Additionally, on our own initiative, we made some clarifications and corrections to § 1015.9(f)(6). Specifically, we added or corrected citations to other sections in the rule and made other conforming changes to the 2016 FOIA. First, we added or corrected some references to sections in the rule that had previously been omitted or needed to be revised. Second, we revised the first sentence to remove “and notice” to track the language of the 2016 FOIA at 5 U.S.C. 552(a)(4)(A)(viii), which only refers to “any time limits.” The notice portion is instead a requirement of the exceptions at § 1015.9(f)(6)(i) and (ii), as stated in the 2016 FOIA at 5 U.S.C. 552(a)(4)(A)(viii)(ll)(aa) and (bb). Finally, we corrected two citation errors in § 1015.9(f)(6)(iii).

F. Commission Report of Actions to Congress (§ 1015.10)

Based on informal OIP input on this section we removed § 1015.10 because it unnecessarily repeats the requirements stated in the FOIA at 5 U.S.C. 552(e)(1), and, at the same time, is incomplete and lacks various other requirements listed in the FOIA. See 5 U.S.C. 552(e)(1)(B)(2), (C), and (F)-(M). Amending this section to restate all of the requirements from the FOIA would make the rule unnecessarily dense and provides no additional guidance about the requirement.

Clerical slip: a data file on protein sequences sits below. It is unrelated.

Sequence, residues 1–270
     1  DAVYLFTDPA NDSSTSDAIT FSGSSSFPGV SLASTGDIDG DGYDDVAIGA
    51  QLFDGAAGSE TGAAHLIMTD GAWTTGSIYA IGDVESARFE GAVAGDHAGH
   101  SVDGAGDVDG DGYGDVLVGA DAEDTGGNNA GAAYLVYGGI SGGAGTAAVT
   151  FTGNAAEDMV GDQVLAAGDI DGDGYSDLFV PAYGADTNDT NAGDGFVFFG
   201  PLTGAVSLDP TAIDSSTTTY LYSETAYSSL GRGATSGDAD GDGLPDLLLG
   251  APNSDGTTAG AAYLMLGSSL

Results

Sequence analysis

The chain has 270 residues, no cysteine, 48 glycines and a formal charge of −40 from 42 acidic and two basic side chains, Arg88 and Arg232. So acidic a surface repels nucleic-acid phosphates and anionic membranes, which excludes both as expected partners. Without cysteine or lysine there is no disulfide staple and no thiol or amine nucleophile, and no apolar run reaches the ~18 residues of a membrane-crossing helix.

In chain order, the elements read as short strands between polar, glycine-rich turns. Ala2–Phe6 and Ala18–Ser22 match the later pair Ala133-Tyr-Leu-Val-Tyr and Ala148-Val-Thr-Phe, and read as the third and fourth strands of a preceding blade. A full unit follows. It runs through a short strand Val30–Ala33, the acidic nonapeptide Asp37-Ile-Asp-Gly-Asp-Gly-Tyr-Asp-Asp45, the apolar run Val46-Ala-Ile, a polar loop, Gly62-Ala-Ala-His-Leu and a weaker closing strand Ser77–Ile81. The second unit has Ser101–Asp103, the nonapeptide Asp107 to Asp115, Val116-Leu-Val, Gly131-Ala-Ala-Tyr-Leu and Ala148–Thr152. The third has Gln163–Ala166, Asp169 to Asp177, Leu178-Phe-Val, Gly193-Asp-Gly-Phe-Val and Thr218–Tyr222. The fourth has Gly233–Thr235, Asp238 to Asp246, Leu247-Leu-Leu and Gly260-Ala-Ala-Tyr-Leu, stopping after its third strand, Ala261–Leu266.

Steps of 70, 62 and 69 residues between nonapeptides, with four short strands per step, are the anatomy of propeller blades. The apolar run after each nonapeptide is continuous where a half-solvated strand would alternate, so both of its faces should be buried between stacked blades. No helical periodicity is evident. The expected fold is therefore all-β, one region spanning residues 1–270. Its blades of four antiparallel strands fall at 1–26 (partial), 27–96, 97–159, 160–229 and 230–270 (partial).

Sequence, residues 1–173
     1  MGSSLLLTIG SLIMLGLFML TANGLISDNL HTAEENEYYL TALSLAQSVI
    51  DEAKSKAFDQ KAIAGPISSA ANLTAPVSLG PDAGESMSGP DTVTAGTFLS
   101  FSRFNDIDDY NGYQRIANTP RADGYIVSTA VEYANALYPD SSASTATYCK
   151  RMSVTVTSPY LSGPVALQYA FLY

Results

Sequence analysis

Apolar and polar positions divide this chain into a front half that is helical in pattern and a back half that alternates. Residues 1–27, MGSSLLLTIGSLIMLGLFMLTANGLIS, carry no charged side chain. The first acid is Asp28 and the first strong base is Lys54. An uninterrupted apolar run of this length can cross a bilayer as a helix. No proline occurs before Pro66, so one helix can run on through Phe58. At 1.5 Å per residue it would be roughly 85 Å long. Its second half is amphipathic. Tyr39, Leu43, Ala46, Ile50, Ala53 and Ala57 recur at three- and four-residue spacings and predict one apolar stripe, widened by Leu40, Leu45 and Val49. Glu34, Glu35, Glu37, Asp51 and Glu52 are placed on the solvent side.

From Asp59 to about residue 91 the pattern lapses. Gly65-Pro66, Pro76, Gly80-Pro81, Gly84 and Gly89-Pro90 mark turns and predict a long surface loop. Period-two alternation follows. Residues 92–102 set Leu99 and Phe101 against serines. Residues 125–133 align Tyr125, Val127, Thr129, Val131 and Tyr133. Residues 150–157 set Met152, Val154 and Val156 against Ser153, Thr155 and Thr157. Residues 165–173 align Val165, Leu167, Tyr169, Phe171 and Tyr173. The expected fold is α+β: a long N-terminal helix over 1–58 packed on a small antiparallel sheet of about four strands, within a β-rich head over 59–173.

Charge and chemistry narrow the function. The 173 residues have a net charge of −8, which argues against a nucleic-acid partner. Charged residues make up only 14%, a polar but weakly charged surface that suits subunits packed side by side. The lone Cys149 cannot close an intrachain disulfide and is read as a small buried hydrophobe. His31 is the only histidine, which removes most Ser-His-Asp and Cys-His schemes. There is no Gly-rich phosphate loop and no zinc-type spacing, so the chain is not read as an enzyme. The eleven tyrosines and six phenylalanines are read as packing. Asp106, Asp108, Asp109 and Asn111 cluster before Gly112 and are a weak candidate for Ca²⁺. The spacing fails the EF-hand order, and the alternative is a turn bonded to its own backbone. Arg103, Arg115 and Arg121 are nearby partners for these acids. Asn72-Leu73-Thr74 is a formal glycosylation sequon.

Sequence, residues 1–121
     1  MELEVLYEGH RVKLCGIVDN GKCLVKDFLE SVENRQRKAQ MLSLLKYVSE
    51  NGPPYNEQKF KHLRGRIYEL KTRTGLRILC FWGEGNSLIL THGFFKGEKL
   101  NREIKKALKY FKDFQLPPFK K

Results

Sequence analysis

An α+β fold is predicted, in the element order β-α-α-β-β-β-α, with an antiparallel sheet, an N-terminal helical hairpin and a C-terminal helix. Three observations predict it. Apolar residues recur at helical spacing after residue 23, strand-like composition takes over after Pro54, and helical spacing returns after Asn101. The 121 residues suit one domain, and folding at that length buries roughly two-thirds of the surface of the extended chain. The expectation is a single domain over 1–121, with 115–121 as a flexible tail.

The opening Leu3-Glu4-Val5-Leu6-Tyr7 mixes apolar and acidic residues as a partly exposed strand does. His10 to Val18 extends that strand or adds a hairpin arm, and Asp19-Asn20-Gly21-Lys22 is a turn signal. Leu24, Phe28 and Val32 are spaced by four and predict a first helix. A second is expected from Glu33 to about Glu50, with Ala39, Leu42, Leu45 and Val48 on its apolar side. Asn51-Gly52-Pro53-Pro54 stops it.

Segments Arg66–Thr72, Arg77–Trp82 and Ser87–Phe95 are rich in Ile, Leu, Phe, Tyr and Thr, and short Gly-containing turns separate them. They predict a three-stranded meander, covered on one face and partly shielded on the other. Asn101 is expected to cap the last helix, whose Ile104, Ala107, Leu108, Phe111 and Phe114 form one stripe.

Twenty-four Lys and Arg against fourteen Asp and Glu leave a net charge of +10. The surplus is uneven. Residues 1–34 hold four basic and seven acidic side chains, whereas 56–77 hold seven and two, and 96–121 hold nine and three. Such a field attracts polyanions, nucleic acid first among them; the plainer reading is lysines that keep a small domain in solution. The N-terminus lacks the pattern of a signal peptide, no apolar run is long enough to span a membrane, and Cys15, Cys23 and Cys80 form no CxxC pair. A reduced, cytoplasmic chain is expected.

G. Exemptions (5 U.S.C. 552(b)) (§ 1015.16)

Also based on informal OIP input on this section, we removed § 1015.16 for similar reasons. Because the requirements are already specified in the FOIA at 5 U.S.C. 552(b), it is unnecessary to repeat them in the rule. Moreover, § 1015.16(c) is incomplete. See 5 U.S.C. 552(b)(3). In making this revision, we revised § 1015.15(d) and § 1015.20 to reference the exemptions contained in the FOIA at 5 U.S.C. 552(b) instead of the exemptions contained in § 1015.16.Start Printed Page 37007

III. Environmental Considerations

The Commission's regulations address whether the Commission is required to prepare an environmental assessment or an environmental impact statement. 16 CFR part 1021. These regulations provide a categorical exclusion for certain CPSC actions that normally have “little or no potential for affecting the human environment.” 16 CFR 1021.5(c)(1). This final rule falls within the categorical exclusion.

IV. Regulatory Flexibility Act

Under section 603 of the Regulatory Flexibility Act (RFA), when the Administrative Procedure Act (APA) or another law requires an agency to publish a general notice of proposed rulemaking, the agency must prepare an initial regulatory flexibility analysis and a final regulatory flexibility analysis assessing the economic impact of the rule on small entities or certify that the rule will not have a significant economic impact on a substantial number of small entities. 5 U.S.C. 603(a), 604(a), and 605. As noted in the NPR, the Commission chose to provide notice and comment for this rulemaking. However, because this is a “rule of agency organization, procedure, or practice,” the APA does not require an NPR. 5 U.S.C. 553. Thus, the RFA requirement does not apply to this rulemaking. We further noted in the NPR that the rule would merely set out in a regulation the procedural requirements stated in the FOIA of 2016, update Commission procedures, and make other technical changes and corrections. We expect that the final rule will not have a significant economic impact on a substantial number of small entities.